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April 5, 2014



Chinese Ship Hears Unidentified Ping in Search for Flight 370| The Australian defense force vessel, Ocean Shield, is equipped with a U.S. device designed to detect signals from the flight recorders, thought to be sitting on the ocean floor as far as 2ス miles below the surface of the water. But the device-known as the Towed Pinger Locator and towed behind a moving vessel-faces a search area that is the size of the U.K.

Posted by gerardvanderleun at April 5, 2014 1:09 PM. This is an entry on the sideblog of American Digest: Check it out.

Your Say

Only one day left, you mean it lasts EXACTLY 30 days? Doesn't fail sooner or possible last longer?

Posted by: plop at April 5, 2014 2:57 PM


Posted by: ghostsniper at April 5, 2014 7:09 PM

There's been enough time pass for anyone involved with this event to fade away or cook up a story or make "evidence" appear or disappear.

Credibility? Might as well read comic books.

Posted by: chasmatic at April 5, 2014 9:18 PM

An inspector found Malaysian Airlines was storing the pingers for the CVR and FDR not in accordance with manufacturer recommendations. Instead of storing them in 55-70 deg F the pingers were sitting on a shelf in a hot and humid hangar or warehouse. The inspector thought such conditions could reduce battery life by 50%.

I will be very surprised if either of those pingers worked for 30 days. This event has released more unreliable info than I remember in any other. The good news is that the apparent controllable nature of the end of this aircraft's fate suggests the CVR/FDR, along with the big pieces of the aircraft, will be located in a smaller region once found. If it's ever found they will find enough to confirm this event was a deliberate act of someone in the cockpit, that's to say investigators will not find evidence of a mechanical/electrical cause for this aircraft's behavior.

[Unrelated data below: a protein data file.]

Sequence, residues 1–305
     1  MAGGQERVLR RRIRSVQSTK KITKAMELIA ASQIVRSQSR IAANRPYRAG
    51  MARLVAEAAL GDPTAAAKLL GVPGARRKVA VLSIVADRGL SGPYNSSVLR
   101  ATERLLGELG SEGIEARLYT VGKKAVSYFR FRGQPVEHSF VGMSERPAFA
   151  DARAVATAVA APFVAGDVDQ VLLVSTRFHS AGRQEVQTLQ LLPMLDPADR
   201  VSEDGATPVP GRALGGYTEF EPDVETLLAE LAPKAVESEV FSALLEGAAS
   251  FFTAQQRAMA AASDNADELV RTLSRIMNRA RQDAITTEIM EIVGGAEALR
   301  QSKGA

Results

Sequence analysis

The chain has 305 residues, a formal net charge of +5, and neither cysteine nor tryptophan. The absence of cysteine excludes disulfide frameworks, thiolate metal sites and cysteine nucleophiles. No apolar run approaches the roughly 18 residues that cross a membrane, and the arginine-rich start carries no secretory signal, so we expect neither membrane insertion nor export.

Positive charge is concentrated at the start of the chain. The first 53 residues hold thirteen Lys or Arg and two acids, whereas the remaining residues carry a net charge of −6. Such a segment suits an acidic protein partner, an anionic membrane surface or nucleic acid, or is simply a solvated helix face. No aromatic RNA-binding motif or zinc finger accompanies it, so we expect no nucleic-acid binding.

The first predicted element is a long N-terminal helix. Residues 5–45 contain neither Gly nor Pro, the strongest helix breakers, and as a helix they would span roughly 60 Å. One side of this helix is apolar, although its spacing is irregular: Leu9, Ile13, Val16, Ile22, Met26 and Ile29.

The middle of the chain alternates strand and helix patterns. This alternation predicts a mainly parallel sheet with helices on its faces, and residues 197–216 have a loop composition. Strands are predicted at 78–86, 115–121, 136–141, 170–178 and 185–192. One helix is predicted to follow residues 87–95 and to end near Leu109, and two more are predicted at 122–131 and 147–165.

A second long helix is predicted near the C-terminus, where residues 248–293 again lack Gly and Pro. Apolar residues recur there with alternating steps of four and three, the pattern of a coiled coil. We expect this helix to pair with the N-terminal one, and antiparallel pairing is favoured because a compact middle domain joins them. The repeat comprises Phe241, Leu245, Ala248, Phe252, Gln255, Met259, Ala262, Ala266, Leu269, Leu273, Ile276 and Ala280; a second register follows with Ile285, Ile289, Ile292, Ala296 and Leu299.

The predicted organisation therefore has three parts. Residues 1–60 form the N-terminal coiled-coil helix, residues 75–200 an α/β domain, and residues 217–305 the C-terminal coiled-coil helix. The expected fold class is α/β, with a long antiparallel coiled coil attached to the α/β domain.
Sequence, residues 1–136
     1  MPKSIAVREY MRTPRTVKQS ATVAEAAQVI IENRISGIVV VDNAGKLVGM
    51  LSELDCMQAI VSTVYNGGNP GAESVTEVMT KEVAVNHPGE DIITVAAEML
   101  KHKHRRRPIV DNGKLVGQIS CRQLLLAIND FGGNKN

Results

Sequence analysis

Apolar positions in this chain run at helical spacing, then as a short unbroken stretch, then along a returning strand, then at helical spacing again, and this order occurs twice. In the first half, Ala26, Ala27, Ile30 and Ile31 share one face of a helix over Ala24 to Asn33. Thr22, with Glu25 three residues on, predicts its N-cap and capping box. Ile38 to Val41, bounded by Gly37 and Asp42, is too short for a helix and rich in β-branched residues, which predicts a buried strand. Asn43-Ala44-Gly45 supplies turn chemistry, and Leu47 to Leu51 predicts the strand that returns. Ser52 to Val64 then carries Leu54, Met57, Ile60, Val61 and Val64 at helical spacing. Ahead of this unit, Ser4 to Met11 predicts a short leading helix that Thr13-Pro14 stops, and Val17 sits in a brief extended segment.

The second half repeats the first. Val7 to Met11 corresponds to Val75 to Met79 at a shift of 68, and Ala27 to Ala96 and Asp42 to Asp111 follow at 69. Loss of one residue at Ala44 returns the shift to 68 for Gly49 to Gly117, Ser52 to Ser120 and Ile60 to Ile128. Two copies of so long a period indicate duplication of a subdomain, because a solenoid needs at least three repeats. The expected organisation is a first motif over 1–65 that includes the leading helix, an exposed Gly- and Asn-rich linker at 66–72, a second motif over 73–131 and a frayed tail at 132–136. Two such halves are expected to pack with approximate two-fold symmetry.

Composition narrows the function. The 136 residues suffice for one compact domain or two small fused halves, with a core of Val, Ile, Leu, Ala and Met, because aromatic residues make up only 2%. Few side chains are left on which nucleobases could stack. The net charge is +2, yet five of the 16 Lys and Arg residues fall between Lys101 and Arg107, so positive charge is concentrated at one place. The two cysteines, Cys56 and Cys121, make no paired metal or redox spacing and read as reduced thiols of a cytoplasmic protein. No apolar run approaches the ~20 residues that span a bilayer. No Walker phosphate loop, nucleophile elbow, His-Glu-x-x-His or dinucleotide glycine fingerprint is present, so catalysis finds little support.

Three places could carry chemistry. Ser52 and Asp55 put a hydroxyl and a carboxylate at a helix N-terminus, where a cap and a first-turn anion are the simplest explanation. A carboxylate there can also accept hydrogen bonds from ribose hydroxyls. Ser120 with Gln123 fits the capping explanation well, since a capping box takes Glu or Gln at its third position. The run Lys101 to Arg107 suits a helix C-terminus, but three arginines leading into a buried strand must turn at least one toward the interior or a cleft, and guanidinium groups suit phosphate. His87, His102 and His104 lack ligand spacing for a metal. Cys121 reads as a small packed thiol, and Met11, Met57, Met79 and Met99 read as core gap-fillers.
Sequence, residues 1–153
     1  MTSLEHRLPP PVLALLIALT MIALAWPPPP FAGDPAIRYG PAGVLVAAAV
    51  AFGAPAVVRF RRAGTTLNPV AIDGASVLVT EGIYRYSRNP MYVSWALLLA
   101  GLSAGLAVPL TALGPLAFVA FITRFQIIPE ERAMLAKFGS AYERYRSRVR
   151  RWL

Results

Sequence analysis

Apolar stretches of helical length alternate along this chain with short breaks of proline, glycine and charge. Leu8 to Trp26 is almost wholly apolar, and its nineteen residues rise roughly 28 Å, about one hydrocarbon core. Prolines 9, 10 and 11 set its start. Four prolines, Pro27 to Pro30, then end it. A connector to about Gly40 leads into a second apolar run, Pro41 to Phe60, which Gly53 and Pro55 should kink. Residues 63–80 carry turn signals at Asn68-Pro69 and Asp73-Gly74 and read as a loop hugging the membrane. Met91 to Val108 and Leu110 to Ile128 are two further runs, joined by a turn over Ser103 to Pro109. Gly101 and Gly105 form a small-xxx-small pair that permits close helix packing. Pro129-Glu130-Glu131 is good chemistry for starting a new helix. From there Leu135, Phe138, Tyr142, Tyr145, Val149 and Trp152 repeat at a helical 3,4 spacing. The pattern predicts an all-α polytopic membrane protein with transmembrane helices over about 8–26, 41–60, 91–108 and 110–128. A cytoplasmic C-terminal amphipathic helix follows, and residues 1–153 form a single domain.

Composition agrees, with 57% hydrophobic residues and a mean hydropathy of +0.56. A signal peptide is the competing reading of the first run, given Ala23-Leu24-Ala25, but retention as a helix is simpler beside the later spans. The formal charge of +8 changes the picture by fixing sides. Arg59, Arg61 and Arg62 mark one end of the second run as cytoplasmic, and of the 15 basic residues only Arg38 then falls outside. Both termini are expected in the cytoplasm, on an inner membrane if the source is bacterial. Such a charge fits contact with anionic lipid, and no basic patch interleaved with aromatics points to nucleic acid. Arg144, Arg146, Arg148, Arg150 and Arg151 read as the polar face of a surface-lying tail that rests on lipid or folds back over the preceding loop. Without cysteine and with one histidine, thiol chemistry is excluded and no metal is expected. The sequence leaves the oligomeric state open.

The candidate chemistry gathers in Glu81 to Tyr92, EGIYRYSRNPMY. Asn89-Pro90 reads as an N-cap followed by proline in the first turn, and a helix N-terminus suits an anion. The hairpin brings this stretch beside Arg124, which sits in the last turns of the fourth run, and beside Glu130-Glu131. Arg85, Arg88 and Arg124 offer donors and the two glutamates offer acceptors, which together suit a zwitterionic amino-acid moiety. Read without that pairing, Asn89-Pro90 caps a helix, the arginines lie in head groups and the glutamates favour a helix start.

Posted by: Scott M at April 6, 2014 12:01 AM

Battery life is approximately 30 days; there's no automatic cutoff time. They could last somewhat longer, or have already been dead for a week. Usage, storage, temperature, manufacturing quirks, all play into it.

Posted by: waltj at April 6, 2014 4:36 AM

But they're spending an astonishing amount of money doing "something". Prestidigitation.
Just wait until the bill for the "investigation", and subsequent "Oversight Committee Panel" supplants the "missing 6B state department petty cash drawer" investigation...you know...um..'til AFTER the...uh... election.

Posted by: CaptDMO at April 6, 2014 6:08 AM

If nothing else comes of this, then CNN can run a month long show on why a critical non Eco/green government subsidized battery fails after only 30 days.

Posted by: Kelvin at April 6, 2014 7:06 AM

Scott...This was a new ship, the storage issues would be an problem if the box had been changed out. But as far as I know that's not standard procedure.

I've been looking for but haven't seen anything about the chemical composition of the batteries, lead-acid (still a lot around) don't stop abruptly but slowly decay, Ni-cad vary wildly in end of life behaviour and Lithium based batteries when they get to their expected endurance, drop off a cliff.

In any case, we are now in a two-box solution; they find it today, or they don't.

Posted by: On the North River at April 6, 2014 3:28 PM

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